Midland Pacific Railway Company


Construction of the Midland Pacific Railroad, now a part of the Burlington system, was an attempt by Nebraska City to exploit the rich resources of the state's interior. During the late 1850s and the early 1860s, Nebraska City, eastern terminus of the great Platte Valley freighting business of Russell, Majors, and Waddell, had overshadowed Omaha. After the Union Pacific built west, Nebraska City saw her advantage slipping away.

In 1866 businessmen in Nebraska City organized the Midland Pacific Railway Company, later known as the Nebraska Railway Company. Citizens of that city raised $50,000, which was spent on grading the first ten miles in the spring of 1870. After that Otoe County voted a bond issue, and the state made a land grant. The normal route of the line would follow the old Platte Valley freighting line from Nebraska City to Fort Kearny, running not far from the new state capital at Lincoln. Accordingly the company asked Lancaster County to vote bonds to aid in construction to Lincoln. In response the county voted $50,000. It was found that this was not enough, and the company asked for an additional $150,000.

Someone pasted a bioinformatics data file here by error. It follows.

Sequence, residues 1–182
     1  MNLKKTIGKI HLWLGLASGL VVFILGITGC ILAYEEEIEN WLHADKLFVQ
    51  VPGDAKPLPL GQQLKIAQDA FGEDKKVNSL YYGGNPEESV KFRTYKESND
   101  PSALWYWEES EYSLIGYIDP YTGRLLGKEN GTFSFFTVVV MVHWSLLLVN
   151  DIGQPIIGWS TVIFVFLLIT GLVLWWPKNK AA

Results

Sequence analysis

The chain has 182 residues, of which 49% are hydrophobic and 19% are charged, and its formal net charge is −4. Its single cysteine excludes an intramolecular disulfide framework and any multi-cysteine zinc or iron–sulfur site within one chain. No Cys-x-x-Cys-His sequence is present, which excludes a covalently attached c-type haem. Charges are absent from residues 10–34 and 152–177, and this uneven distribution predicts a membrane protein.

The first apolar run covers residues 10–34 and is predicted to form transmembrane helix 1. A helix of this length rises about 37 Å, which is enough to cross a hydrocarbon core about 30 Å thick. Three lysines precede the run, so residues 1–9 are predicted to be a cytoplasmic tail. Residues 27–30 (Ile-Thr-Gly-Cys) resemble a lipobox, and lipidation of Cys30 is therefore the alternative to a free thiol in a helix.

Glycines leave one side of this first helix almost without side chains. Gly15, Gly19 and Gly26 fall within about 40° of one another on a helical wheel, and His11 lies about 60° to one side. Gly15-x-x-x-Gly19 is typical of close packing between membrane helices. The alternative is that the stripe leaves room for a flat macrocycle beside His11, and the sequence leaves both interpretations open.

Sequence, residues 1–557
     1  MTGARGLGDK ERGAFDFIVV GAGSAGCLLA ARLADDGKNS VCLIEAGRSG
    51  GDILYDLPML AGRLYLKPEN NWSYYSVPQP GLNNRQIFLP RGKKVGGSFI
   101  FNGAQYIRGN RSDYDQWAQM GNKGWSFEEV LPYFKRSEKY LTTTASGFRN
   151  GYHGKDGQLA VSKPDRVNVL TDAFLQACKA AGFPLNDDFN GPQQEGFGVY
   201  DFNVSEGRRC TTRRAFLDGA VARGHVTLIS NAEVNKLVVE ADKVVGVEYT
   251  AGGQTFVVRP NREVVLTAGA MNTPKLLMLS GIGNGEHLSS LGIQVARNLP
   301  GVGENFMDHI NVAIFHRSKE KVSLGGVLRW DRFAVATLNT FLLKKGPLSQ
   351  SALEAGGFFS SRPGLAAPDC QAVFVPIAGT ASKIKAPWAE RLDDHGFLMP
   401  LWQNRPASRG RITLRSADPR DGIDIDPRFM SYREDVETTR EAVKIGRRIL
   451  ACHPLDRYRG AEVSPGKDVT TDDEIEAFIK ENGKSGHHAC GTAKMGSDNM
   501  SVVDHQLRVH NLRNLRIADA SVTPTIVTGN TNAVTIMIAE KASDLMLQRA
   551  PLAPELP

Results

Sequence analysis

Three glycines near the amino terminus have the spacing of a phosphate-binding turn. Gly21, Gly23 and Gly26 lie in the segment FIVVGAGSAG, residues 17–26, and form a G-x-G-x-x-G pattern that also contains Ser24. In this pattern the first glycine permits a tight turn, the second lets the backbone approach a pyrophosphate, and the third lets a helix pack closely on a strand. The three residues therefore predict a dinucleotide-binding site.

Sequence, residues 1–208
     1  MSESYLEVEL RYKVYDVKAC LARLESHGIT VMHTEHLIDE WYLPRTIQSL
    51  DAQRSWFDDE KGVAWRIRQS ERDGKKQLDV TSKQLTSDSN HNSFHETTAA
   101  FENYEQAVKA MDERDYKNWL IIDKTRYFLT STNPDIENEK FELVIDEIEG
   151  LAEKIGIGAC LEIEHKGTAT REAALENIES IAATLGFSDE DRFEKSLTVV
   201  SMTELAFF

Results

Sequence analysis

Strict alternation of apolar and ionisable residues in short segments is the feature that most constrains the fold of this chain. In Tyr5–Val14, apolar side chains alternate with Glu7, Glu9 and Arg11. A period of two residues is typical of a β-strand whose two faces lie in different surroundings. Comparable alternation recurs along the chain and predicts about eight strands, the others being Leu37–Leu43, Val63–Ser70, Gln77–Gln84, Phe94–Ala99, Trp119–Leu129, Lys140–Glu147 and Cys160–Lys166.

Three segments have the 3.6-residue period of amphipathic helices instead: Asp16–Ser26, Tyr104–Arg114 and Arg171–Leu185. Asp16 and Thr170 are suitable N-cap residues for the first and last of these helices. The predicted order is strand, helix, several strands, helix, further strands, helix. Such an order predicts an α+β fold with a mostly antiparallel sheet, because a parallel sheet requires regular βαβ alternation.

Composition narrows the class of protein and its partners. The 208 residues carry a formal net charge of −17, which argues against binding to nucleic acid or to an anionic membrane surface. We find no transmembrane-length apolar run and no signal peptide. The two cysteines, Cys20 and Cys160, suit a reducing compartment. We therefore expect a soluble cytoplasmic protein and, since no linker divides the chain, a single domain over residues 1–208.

One mass meeting after another kept railroad fever at a white heat in Lincoln. In the midst of the campaign, when it appeared doubtful that Lincoln citizens would vote more bonds, Joel N. Converse, speaking for the Midland Pacific, stated that some of his associates favored running the line from the west boundary of Otoe County directly to the Republican Valley, where they would not meet such strong competition from the Burlington and Missouri.

The Nebraska State Journal aroused interest in subsidizing the railroad in article after article, urging readers to do their part to secure the railroad for Lincoln. The bond issue passed, and the Midland Pacific built into Lincoln on April 22, 1871. In the meantime the B & M had built from Plattsmouth via Ashland to Lincoln, arriving there on July 26, 1870. Three weeks earlier citizens had used the Fourth of July to celebrate the arrival of the first train. In early 1875 a branch line from the Midland Pacific called the Nebraska Trunk Line was completed to Brownville.

The line was, however, sold under foreclosure, and the company re-organized under the title of the Nebraska Railway, and was operated as such until it passed into the hands of the Burlington & Missouri Railroad Company, in 1876, who extended the line west from Seward to York, and from Nebraska City to Nemaha City, its southeastern terminus.





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